Why people won’t follow you

There will be those who to a greater or lesser extent agree with your style of leadership. They won’t be the people who don’t want to follow you. The ones that don’t want to follow you, however, will resist for a variety of reasons.

They don’t think you’re leading

Some people won’t follow you because they don’t think you’re leading. Why would they think that?

One reason has been mentioned already. To them, the constant use of authority isn’t leadership. It’s bullying. It’s “do it because I said so,” which as every parent knows doesn’t work. Adults need valid reasons to do things.

Is it a safety issue, or a cost issue, or a productivity issue? You should be prepared to explain your reasons.

Robert Cialdini in his book, Influence: The Psychology of Persuasion, notes that people are more likely to acquiesce in even the most mundane things, such as moving up a place in the queue, if they’re given a reason for doing so.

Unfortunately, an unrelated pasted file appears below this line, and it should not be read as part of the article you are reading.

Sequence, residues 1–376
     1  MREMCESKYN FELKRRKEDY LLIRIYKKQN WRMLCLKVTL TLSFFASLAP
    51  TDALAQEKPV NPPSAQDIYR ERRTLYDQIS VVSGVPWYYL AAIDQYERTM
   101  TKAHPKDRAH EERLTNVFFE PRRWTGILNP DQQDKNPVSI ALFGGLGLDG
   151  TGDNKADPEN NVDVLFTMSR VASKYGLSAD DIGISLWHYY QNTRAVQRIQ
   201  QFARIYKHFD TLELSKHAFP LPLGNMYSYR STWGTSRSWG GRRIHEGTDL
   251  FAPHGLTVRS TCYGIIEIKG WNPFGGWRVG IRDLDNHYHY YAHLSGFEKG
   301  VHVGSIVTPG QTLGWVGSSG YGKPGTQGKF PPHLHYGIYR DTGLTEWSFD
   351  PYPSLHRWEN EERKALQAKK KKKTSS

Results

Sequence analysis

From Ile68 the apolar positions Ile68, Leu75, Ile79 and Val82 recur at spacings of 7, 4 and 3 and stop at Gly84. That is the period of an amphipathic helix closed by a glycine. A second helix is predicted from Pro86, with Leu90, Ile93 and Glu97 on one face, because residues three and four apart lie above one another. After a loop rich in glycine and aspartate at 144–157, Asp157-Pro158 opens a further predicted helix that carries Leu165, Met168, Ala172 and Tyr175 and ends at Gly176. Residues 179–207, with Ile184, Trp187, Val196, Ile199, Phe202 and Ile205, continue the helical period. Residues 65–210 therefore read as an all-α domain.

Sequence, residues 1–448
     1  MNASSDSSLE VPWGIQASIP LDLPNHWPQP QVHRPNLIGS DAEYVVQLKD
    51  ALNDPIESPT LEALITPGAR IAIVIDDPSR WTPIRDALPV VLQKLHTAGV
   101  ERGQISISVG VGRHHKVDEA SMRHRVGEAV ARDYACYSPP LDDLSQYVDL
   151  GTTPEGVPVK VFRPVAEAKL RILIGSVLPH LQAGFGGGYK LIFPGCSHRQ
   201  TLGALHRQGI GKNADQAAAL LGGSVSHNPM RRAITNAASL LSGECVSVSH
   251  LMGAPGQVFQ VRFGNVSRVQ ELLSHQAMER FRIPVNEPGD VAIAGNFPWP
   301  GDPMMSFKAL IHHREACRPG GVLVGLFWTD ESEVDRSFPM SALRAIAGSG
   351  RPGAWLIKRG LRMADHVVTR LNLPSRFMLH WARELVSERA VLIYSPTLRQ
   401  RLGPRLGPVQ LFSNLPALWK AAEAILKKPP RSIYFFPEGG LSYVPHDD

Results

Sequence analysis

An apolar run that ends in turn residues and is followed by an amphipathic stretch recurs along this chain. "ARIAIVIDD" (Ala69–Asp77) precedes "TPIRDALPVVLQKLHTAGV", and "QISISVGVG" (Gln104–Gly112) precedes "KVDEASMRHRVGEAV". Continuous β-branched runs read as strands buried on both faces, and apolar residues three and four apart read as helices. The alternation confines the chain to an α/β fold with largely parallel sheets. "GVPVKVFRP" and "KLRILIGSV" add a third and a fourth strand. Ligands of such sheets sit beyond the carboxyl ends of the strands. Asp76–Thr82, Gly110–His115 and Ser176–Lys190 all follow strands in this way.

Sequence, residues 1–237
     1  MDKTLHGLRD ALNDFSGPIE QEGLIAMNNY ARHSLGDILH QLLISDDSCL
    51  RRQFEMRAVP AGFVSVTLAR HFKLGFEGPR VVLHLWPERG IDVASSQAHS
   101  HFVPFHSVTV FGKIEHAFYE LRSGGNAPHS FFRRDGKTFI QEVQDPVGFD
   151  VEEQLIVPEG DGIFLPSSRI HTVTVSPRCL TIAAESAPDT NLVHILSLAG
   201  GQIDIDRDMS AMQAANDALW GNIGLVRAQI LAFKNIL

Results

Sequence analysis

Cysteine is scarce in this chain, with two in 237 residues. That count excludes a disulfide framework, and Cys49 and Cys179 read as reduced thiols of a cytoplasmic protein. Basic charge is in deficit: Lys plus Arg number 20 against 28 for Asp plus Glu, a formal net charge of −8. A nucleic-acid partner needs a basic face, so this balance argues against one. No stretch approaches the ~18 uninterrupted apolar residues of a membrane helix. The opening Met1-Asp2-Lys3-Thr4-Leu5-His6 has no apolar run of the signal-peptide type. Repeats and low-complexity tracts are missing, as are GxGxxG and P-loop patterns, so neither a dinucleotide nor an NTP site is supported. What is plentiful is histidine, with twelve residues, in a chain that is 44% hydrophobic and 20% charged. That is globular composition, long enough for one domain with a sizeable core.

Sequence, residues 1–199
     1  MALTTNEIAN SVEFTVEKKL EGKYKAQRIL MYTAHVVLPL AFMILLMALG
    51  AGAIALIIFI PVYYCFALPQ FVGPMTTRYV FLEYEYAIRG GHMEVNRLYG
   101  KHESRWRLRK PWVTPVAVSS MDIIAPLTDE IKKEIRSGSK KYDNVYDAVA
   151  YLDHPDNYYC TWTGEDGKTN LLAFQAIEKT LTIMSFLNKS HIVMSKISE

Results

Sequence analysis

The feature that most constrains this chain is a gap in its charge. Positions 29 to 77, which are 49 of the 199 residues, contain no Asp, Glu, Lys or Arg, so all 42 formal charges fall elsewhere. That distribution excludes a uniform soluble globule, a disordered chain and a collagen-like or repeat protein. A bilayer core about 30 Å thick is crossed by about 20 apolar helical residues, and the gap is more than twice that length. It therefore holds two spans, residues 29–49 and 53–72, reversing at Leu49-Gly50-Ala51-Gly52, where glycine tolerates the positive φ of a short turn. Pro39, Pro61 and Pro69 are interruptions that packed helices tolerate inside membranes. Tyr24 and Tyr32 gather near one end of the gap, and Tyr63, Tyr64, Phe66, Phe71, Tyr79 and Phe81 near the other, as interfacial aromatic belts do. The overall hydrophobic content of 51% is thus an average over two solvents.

As the “chief leader,” you need to act like the leader that you are so that people will know why they should follow you. The fact that you’re in a leadership role isn’t enough.

They disagree with you

You may be recognised as the “supreme leader,” but people may not agree with your decisions.

They may have the foresight to see that things will not go well if a particular course is pursued.

You need to listen to the concerns of others. Although you may know more than most, no one has a corner on good ideas. No one knows everything, even if you think you do. If people disagree with you enough to not follow you - to not do what you ask them to, then you need to find out why they object. There may be a very good reason that you’ve overlooked.

It could also be that they’ve misunderstood something, and because they can’t resolve it in their own minds, they balk. Find out what it is. Talk about it. Discuss it. The reluctant employee will be much more willing to do as you ask if you help them to understand than if you appeal to your authority to get it done.

They don’t like your style of leadership

“Birds of a feather flock together” as the saying goes. Those who prefer to use authority to get things done or who agree with your use of it, like to be led by those who do; but the opposite is also true. Those who prefer an egalitarian style will resist those who exercise an authoritarian one. That means that you as a leader must adapt your style according to the people you lead, rather than your personal preference.